Climate Change Is A Women's Rights Issue

Photo: Erik McGregor/Pacific Press/Getty Images.
It’s 2017, and yet women are still fighting for equality. Data suggests it will take until 2152 to close the gender wage gap, but it shouldn’t take a century to get what we want. We want more, and Refinery29 is here to help — because 135 years is too long to wait for what we deserve today.
Women know that when we stand together, we can effect change. We’ve been doing it for generations.
On a cold winter morning more than 100 years ago, women marched down Pennsylvania Avenue to demand the right to vote. A half a century later, women of color marched on the National Mall to demand that one day they would be judged by the content of their character and not by the color of their skin.
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And just this past January, we marched on our nation’s capital again to protest a new president and administration that is launching a wide-ranging assault on our core values. We marched for equal pay. We marched to protect our bodies. We marched for the rights of our immigrant and LGBTQIA sisters and brothers.
As a mother and one of the first women of color to lead a major international environmental nonprofit, I marched to ensure that my young daughter, and the millions of other little girls just like her, inherit a world where clean air, safe drinking water, and secure communities are basic rights for all of us — no matter where we live, what we look like, how much money we make, or how we vote.
I marched for climate justice. Because the violent storms, dangerous heat, and devastating droughts, and floods have begun. And women, low-income communities and people of color are among those bearing the heaviest burden.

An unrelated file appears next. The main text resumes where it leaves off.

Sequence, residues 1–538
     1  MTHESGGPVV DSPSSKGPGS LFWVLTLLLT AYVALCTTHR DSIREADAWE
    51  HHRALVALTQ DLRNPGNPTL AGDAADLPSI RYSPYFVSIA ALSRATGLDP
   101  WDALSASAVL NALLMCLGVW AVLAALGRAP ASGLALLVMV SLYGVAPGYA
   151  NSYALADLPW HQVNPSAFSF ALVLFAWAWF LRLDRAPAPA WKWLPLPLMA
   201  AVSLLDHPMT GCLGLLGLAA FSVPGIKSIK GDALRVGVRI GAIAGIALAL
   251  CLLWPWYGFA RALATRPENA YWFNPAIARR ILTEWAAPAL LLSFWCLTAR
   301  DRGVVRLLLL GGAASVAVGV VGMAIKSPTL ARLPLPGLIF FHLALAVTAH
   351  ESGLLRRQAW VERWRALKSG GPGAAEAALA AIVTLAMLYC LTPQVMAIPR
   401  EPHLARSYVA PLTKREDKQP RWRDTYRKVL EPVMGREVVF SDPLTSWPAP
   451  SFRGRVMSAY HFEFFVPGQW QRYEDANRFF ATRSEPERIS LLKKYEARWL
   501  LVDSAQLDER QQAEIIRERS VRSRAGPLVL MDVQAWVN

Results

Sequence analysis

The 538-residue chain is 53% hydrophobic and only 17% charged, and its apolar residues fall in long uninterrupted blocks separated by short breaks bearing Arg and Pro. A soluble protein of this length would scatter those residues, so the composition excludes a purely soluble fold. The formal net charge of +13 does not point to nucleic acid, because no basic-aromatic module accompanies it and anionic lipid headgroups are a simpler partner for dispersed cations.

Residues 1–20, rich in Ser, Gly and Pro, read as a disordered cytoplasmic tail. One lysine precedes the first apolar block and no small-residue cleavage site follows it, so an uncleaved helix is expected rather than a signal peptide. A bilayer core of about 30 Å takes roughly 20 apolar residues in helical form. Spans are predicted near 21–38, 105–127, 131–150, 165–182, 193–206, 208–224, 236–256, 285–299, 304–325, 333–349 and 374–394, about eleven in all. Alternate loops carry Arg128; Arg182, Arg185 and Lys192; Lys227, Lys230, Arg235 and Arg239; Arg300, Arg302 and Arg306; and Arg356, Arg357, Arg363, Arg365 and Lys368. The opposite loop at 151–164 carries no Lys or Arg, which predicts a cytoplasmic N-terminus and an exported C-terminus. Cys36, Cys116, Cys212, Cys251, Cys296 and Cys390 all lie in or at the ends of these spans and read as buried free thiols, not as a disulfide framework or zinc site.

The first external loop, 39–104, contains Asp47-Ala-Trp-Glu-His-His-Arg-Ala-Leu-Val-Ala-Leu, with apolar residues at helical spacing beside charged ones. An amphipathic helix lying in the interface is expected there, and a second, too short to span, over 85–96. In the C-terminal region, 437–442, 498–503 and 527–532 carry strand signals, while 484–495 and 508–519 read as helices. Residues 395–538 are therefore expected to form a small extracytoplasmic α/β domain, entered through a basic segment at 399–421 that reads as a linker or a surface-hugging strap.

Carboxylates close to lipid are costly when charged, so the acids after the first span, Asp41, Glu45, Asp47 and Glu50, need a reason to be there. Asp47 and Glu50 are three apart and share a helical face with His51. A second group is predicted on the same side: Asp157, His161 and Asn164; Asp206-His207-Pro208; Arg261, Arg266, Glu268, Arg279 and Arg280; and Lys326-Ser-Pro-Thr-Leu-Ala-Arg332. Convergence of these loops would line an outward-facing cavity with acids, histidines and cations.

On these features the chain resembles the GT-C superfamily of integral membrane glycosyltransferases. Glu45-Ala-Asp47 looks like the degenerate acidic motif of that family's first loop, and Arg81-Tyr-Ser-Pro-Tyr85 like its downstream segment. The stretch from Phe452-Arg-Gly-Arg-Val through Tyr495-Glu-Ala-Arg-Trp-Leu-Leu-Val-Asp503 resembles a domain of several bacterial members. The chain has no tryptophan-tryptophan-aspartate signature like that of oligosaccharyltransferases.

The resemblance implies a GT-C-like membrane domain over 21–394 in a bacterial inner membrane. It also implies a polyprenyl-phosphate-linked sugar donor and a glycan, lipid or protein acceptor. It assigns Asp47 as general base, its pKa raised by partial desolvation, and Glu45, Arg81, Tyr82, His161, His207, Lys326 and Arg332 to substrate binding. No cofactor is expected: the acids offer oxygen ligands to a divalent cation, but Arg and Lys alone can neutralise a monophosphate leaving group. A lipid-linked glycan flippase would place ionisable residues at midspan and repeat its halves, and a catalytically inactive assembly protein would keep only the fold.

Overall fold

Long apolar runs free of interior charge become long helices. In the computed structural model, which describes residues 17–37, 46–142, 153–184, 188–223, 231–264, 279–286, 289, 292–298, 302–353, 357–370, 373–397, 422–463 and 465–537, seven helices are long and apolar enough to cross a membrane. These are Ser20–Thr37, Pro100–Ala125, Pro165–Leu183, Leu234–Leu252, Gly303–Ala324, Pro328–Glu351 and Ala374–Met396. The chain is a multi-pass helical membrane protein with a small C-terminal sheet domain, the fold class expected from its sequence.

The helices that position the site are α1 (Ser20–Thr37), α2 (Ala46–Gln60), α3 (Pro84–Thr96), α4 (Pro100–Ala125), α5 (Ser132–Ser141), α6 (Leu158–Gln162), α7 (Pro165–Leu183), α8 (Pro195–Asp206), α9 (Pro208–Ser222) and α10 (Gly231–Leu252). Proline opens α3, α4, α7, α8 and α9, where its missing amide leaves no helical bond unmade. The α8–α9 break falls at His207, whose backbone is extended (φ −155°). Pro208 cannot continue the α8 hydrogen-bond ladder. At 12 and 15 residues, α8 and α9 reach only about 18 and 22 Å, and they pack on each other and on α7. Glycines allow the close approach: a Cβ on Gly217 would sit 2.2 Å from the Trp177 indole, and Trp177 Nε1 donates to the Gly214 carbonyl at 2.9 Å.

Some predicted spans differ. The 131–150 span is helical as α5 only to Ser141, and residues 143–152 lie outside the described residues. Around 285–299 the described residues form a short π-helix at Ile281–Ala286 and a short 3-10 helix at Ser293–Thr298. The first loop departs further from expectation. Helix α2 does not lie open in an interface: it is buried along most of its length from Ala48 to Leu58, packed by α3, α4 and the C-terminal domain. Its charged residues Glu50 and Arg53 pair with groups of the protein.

On April 29, I will be marching again. At the People’s Climate March in Washington, I will join thousands in saying corporate polluters must not come before our health, our families, and our communities. The greatest nation in the world must rise up to tackle the greatest environmental challenge of our time.
Make no mistake — climate change is a women’s issue. Women often face a greater risk of getting sick, losing their livelihoods, living in poverty, and being displaced when weather disasters strike.

The greatest nation in the world must rise up to tackle the greatest environmental challenge of our time.

Worldwide, women suffer a greater share of the acute impacts of natural disasters. They are more likely to die from staying behind during extreme weather events to protect children and the elderly. Indeed, women made up 80% of those remaining behind during evacuations of the Gulf Coast during Hurricane Katrina. And in developing countries, basic survival strategies such as securing water, food, and wood often fall to women.
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In the wake of a natural disaster, women-dominated industries like healthcare and tourism suffer big losses. Nearly 60% of jobs lost after Katrina belonged to women. And even as women help rebuild in places like New Orleans, their wages decreased between 2005 and 2007, while men’s increased.
The longer term health impacts of climate change also hit women and children the hardest: Infants and toddlers are especially vulnerable to air pollutants and extreme heat, resulting in increasing numbers of children in emergency rooms from heat-related illness and more missed school days for kids with asthma. Meanwhile, global warming has helped expand the range and activity of mosquitoes that can carry Zika in the U.S. — a disease that particularly threatens pregnant women and their unborn children.
But women are not only on the front lines of the climate crisis, we are essential to the solutions.
It is up to us — as workers, community organizers, leaders, mothers, sisters, and daughters — to stand up for climate justice and protect our families’ future. From the mothers of Flint, MI, to the women leaders of the Standing Rock Sioux, women’s continued leadership on climate, environmental, and health issues is critical to a healthy, safe future.

We cannot stop fighting for a world where our health and safety comes before the interests of polluters.

We cannot stop fighting for a world where our health and safety comes before the interests of polluters. A world where we don’t have to worry so much about a mosquito bite when we’re pregnant. Where we don’t have to question the safety of our drinking water. Where we don’t have to worry that our children will get asthma attacks from dirty air.
We will show up on April 29 because we cannot stop fighting for the world we want to leave behind for our children and the generations of women to come. I hope you will join us.
Rhea Suh is President of the Natural Resources Defense Council.
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